Have you ever wondered if there are other planets in the universe (besides the nine in our solar system)? Everyday astronomers search for planets that orbit other stars. These planets are called extrasolar because they do not orbit our Sun.
How do astronomers find extrasolar planets?
Astronomers can’t just look up, point their finger, and say "Oh look! There’s another new planet!"
Astronomers use different techniques to locate extrasolar planets. It is hard to find extrasolar planets because the stars they orbit are light years away and are VERY bright! With even the most powerful telescopes you can’t see these planets orbiting near their glowing stars. Sometimes astronomers detect the dimming of a star’s light as its planet passes in front of it.
One of the techniques used is to watch stars to see if they slightly wobble. This works because a star wobbles from the slight gravity of an orbiting planet. Even though stars are much bigger than planets, the planets have just enough gravity to tug a little bit on the star that they orbit. This causes the star to wobble. Some stars have wobbles inside of wobbles, which means that there is probably more than one planet orbiting the star.
Another way astronomers find extrasolar planets is to use radio telescopes to detect the radio waves that are created while a solar system is forming. The radio waves are from the hot dust and gas in the forming solar system. The radio telescopes that are on Earth can detect those radio waves.
How big are the extrasolar planets?
All of the extrasolar planets found so far are several times larger than Jupiter, which is the largest planet in our solar system. This is a bit amazing because that type of planet is usually made of gasses and usually takes a long time to form.
What is the history of the search for extrasolar planets?
In the 1900s astronomers found out that our solar system is not the center of the galaxy, and that our galaxy is not the center of the universe. Earth is just one tiny planet orbiting one star out of billions. This made it seem possible that there were other planets that are just like Earth.
The first extrasolar planet was found in 1995. Its name is 51PegasiB, and it orbits a star that is 45 light years from Earth.
The American astronomers Geoffrey Marcy and Paul Butler discovered 13 more stars with planets orbiting them between 1996 and 1998.
Geoffrey Marcy and his team of astronomers found 18 other extrasolar planets since 1995 and also found a planet on November 7, 1999. This planet is much bigger than Jupiter, and it orbits the star HD209458 in the constellation Pegasus.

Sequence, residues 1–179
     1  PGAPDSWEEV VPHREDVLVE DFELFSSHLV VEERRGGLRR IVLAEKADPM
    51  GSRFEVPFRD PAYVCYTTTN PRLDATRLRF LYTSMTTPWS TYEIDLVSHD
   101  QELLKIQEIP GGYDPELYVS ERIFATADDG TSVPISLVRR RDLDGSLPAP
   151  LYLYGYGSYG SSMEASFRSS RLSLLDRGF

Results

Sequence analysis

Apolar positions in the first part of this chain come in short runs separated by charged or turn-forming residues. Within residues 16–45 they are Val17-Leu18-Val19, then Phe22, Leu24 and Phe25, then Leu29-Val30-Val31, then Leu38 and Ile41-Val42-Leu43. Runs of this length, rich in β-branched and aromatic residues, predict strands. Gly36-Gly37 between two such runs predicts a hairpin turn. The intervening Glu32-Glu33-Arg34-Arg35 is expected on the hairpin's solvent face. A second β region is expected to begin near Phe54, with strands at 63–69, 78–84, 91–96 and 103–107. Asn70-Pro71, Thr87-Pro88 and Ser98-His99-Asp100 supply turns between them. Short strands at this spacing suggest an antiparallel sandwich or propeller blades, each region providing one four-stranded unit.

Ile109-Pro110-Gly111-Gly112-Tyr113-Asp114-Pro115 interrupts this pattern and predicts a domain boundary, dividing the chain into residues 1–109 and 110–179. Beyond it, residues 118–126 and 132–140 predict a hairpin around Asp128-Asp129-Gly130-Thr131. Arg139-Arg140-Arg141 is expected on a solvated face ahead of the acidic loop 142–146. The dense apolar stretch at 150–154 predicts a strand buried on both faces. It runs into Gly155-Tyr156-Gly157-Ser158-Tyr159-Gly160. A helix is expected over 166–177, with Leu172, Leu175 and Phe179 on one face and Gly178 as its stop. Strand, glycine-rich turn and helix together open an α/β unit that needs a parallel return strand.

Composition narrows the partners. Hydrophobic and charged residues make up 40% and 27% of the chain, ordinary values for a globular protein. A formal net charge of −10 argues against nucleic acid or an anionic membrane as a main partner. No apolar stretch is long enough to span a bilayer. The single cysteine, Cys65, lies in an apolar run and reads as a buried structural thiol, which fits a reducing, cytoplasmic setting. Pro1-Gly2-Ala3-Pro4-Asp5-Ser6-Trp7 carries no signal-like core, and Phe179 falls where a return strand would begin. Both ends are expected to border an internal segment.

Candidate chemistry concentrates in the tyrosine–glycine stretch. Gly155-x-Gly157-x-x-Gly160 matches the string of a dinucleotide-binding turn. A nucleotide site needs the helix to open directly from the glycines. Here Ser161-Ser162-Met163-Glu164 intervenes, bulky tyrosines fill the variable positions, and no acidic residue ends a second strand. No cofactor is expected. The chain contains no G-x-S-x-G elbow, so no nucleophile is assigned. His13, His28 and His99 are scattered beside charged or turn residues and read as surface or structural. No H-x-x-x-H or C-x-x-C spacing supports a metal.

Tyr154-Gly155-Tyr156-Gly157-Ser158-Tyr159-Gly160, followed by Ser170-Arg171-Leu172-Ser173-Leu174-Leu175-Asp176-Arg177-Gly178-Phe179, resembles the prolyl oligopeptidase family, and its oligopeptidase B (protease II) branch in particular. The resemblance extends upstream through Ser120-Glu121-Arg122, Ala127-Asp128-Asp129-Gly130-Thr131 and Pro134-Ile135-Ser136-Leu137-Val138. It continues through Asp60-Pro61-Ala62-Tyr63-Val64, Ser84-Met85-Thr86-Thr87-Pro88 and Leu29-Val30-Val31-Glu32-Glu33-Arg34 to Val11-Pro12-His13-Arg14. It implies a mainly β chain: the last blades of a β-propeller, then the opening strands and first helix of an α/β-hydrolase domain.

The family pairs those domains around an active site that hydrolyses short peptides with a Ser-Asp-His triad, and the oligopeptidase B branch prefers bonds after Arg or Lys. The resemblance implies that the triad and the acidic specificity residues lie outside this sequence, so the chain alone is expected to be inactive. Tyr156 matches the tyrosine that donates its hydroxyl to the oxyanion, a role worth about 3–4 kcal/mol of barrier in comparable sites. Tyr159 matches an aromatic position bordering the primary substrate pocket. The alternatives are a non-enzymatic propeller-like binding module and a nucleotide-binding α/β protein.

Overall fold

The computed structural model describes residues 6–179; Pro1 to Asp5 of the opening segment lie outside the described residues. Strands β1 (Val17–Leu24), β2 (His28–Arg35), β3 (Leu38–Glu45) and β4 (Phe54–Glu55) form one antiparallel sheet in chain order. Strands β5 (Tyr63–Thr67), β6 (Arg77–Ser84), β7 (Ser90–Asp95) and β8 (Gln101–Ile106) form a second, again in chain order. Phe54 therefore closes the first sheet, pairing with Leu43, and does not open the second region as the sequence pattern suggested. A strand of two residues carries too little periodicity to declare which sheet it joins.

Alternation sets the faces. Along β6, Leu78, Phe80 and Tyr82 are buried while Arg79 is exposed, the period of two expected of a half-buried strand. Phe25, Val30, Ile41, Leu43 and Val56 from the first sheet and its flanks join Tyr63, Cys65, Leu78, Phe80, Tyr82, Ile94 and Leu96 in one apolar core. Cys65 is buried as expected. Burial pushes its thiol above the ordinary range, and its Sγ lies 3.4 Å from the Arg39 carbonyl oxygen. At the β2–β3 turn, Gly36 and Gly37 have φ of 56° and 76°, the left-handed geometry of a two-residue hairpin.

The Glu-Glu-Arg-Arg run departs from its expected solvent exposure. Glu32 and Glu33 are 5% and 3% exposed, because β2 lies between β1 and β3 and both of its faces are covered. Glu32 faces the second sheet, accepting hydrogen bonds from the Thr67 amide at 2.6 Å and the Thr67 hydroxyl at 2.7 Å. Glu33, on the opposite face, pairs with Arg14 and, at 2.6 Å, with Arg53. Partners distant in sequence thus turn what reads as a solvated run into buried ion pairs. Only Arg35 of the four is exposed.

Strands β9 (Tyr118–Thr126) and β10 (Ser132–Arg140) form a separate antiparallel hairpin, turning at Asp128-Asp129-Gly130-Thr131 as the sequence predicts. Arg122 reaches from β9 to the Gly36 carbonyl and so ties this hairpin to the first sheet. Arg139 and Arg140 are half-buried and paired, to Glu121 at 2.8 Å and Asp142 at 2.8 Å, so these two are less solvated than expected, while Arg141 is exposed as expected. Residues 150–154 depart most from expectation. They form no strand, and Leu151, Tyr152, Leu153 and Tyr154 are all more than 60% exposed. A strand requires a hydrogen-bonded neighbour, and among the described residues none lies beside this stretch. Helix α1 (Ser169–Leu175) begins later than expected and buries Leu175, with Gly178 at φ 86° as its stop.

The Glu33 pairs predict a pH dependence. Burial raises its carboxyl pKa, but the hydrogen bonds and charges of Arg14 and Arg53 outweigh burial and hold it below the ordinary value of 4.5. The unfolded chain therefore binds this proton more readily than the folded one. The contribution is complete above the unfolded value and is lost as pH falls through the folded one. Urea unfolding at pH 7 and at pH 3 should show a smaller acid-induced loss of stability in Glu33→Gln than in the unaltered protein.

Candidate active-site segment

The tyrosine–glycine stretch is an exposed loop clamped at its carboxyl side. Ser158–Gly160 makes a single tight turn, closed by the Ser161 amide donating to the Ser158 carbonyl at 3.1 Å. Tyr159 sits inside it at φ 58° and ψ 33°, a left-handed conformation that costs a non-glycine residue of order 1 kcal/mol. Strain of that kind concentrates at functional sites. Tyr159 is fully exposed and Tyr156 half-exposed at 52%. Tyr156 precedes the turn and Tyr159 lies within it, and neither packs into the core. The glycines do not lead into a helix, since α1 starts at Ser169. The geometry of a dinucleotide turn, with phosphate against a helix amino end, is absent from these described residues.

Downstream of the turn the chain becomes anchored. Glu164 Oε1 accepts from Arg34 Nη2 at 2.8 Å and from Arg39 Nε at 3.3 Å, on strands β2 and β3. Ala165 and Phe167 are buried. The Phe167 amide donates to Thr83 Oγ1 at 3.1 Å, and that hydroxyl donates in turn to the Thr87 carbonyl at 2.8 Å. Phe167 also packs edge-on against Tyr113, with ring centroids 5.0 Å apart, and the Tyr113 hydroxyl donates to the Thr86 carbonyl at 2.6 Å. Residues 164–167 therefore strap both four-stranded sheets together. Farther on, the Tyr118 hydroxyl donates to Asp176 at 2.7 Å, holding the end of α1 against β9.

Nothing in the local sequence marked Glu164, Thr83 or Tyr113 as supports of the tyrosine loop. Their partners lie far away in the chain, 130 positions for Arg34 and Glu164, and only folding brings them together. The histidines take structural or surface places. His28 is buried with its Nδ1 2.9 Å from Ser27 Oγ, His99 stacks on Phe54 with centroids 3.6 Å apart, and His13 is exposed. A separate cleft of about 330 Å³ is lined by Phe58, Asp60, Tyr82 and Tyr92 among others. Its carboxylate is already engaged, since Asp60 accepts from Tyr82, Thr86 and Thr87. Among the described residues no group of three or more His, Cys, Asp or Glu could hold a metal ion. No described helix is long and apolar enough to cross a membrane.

On November 29, 1999 six more extrasolar planets were found. This brought the number of extrasolar planets that were discovered by astronomers to 28.
Upsilon Andromedae and its 3 planets
In June look up in the sky and you might see Upsilon Andromedae. Now imagine that far away, a little yellow dot has 3 planets orbiting it. Two of its planets are at least twice the size of Jupiter, and the third is at least four times as large as Jupiter. They are all gas planets with very elliptical orbits. This was the first multi-planet solar system discovered besides our own.
Could life exist near Upsilon Andromedae?
The orbit of one of Upsilon Andromedae’s planets is very close to the area where life could develop. Upsilon Andromedae is a bit brighter and bigger than our Sun but is otherwise similar to it.
All of Upsilon Andromedae’s planets are made of gas, so life would have to be on their moons (if they had any). It would be on its outer two planets. It couldn’t be on the planet closest to Upsilon Andromedae because it is only 5.5 million miles away from it, that means anything on it would fry (Earth is 93 million miles from the Sun).
What about water?
Upsilon Andromedae’s outer most planet is on the edge of the area where life could develop. If it had large enough moons that had good enough atmospheres, then they could support life. If they had good enough atmospheres, then they could hold liquid water. That means it could have carbon-based life forms like us.
Life in our solar system
Water on Mars?
Water could also exist on Mars. Scientists have found more evidence of water on the fourth planet in our solar system, Mars. The Mars Global Surveyor took pictures of newly formed channels in Mars’s surface. Scientists believe some sort of liquid formed these channels.
One of Jupiter’s moons, Europa, may have liquid water under its surface. If this is true, it could support life (such as microscopic organisms). The information that is collected by the Europa probe, along with information from the Galileo spacecraft, might give us more clues to life on Europa.
Scientists plan to send a spacecraft called the Europa Probe to Europa. It will use radio waves to measure the thickness of the ice on Europa’s surface, which scientists now think is ¾ of a mile thick. The tool that sends the radio waves through the ice is called a radar sounder. This radar sounder will be able to detect if there is any liquid water under the surface of ice.
Unless otherwise noted, all images courtesy of NASA. Permission for use at http://www.nasa.gov/gallery/photo/guideline.html.
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